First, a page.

What is car sharing?

Charlotte Simmons
Charlotte Simmons
Community Growth Manager at hiyacar
What is car sharing?

To say that car sharing is on the up is an understatement — particularly in larger cities (such as London, where you’re charged just for using your car) the trend is booming, but many people are still unsure about what it actually is and how it works. Well, allow us to explain.

What is car sharing?

Upon hearing the term “car sharing” — first thought might be that two or more people are sharing one car to reduce costs on a journey. However, the term ‘car share’ more recently refers to paying to use a car that is owned by someone else while they’re not using it.

Confused? Well, it’s much like a rental car service in that you borrow a car for a certain amount of time and pay for the privilege. However, there are a few very convenient differences. There are typically two types of car-sharing platforms here in the UK. There are the ones that have their own fleets. So, essentially, the car-share provider owns a fleet of cars that it rents out to people and there are the peer-to-peer platforms, such as ourselves, that allows private owners to rent out their cars to other people while they’re not using it. There’s also, although much less prominent, local car clubs that offer the car share of local vehicles in your area. Naturally, rates and memberships differ between each, as do the cars on offer.

What is car sharing and how does it work?

It’s simple. All you have to do is sign up for the service and locate the closest available car to you via the website or dedicated app. Once you’re at the vehicle, you’ll either use your phone to unlock it (using ‘virtual key’ technology) or by picking the keys up from the owner. Cars are available to hire by the hour or by the day — think much in the way Boris Bikes work.

Using a dedicated car-sharing platform like hiyacar cuts out the middle man and the need to travel to dedicated rental offices that are restricted when it comes to office hours. The benefits of renting a car via a car-sharing platform as opposed to a typical rental company are substantial:

More easily accessible vehicles — A large database of local vehicles is on offer and is available any time of the day or night. No ‘office hours’ restriction.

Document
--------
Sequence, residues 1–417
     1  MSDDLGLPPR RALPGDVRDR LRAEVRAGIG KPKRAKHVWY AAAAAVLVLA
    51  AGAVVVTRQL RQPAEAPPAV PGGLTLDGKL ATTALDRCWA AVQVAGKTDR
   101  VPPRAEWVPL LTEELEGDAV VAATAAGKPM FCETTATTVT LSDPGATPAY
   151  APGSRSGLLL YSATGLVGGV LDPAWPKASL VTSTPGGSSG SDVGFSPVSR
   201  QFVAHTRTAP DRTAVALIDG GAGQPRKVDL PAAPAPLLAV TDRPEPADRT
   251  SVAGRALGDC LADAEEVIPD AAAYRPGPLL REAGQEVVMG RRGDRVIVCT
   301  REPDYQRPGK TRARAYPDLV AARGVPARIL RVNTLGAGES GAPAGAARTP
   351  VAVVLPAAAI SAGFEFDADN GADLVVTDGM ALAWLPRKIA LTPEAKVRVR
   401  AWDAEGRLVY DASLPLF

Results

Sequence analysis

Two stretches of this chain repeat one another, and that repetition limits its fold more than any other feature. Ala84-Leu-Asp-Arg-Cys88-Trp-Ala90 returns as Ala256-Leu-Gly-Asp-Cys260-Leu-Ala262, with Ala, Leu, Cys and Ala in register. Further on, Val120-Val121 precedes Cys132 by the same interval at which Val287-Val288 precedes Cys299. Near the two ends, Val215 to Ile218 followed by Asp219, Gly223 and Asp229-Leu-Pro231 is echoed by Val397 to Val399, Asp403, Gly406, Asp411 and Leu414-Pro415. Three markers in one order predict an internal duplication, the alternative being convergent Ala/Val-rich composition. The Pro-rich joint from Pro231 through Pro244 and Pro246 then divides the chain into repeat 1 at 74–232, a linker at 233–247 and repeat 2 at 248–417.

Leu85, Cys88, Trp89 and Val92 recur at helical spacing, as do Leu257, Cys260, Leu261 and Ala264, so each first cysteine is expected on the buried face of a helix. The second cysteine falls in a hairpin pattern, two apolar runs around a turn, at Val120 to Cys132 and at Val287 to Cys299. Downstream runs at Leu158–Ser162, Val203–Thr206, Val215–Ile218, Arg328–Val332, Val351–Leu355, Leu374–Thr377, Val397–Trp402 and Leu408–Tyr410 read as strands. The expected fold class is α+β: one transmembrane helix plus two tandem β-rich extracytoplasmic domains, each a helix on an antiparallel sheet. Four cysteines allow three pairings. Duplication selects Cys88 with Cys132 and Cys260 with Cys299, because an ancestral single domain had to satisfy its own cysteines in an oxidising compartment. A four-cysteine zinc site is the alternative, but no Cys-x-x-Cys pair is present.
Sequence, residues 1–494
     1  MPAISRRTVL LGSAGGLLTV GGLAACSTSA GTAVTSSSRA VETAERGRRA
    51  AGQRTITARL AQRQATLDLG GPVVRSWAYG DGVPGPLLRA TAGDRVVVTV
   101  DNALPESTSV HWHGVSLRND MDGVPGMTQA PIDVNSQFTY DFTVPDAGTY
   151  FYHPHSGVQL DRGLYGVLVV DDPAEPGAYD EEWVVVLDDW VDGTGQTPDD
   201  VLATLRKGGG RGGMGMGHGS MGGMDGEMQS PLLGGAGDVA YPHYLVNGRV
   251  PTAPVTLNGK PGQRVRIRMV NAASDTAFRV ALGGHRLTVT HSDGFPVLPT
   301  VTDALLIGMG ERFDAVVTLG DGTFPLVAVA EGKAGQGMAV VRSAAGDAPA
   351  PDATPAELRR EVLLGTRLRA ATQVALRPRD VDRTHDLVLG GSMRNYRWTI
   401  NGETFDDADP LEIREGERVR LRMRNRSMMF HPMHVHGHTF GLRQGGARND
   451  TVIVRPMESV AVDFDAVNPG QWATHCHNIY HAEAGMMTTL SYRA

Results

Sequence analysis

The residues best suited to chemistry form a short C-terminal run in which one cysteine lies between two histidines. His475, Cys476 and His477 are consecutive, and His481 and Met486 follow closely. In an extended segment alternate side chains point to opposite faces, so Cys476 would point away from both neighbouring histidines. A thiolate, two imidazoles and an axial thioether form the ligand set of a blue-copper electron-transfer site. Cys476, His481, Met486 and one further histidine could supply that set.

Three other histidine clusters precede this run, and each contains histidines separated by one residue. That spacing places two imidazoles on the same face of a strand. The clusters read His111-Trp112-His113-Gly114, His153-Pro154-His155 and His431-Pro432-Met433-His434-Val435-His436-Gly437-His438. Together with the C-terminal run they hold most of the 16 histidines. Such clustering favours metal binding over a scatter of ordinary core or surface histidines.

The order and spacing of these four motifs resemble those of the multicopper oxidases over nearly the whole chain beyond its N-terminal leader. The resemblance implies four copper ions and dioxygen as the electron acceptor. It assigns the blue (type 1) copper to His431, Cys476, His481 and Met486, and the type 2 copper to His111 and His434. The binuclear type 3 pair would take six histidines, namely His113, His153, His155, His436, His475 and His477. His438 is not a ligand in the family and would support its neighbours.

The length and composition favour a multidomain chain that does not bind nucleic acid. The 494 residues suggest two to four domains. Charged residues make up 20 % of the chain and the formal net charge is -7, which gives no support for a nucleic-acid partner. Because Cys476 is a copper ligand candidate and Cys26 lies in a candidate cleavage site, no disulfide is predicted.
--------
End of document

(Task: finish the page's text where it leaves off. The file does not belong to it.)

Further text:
Flexibility — again, all on your terms; find the car you want, book it for your required time and walk or take a short journey to your awaiting vehicle.

Convenience — particularly for those looking to rent a car for a short period of time, say for just a few hours; book your closest available car, pick it up using the remote key function or by picking up the keys, take the care for your allotted time and bring it back. Simple as that.

The service isn’t just for those that live in cities, either. It’s for anyone that doesn’t own a car or perhaps uses a car every so often and so uses the service to eliminate all the costs that come with car ownership.

There are also the people that travel to a city that just want a car for the day; whether that’s something specific or whether it’s a car that’s very conveniently situated to their current location. Just maybe it’s lovely weather and you’re hankering after a convertible for your weekend away — the car of your choosing could be parked ready and waiting for you to collect!

It’s not really a case of how does car sharing work, it’s how it can work for you. The car share service that’s right for you will depend on a number of things, whether you’re after a specific car (whether that’s looks, efficiency, practicality etc), distance (how close available cars are) and cost (rates are usually measured in hours, days, and/or miles). Car share vehicles come insured, however, you can take insurance and damage cover out via the platform.

How does car sharing help the environment?

As car-sharing reduces the need for each individual to have their own car, it’s going to be beneficial to the environment. If it is that car-sharing encourages drivers to just borrow a car when they need it as opposed to putting their own car on the road, this will inevitably reduce traffic on the roads. Car sharing reduces the need for unnecessary trips — that mentality of “well I’m paying for this car, I may as well use it to just go down to the local shop” — car-sharing punters tend to cycle or walk more, for this reason, and only opt for car-sharing when they ‘need’ a car. So that’s already fewer cars on the road. Car sharing providers will also have a lot of recent models available that adhere to emission laws, as well as the availability of the many electric and hybrid vehicles that are now on offer — all of which will have been maintained to a high standard.

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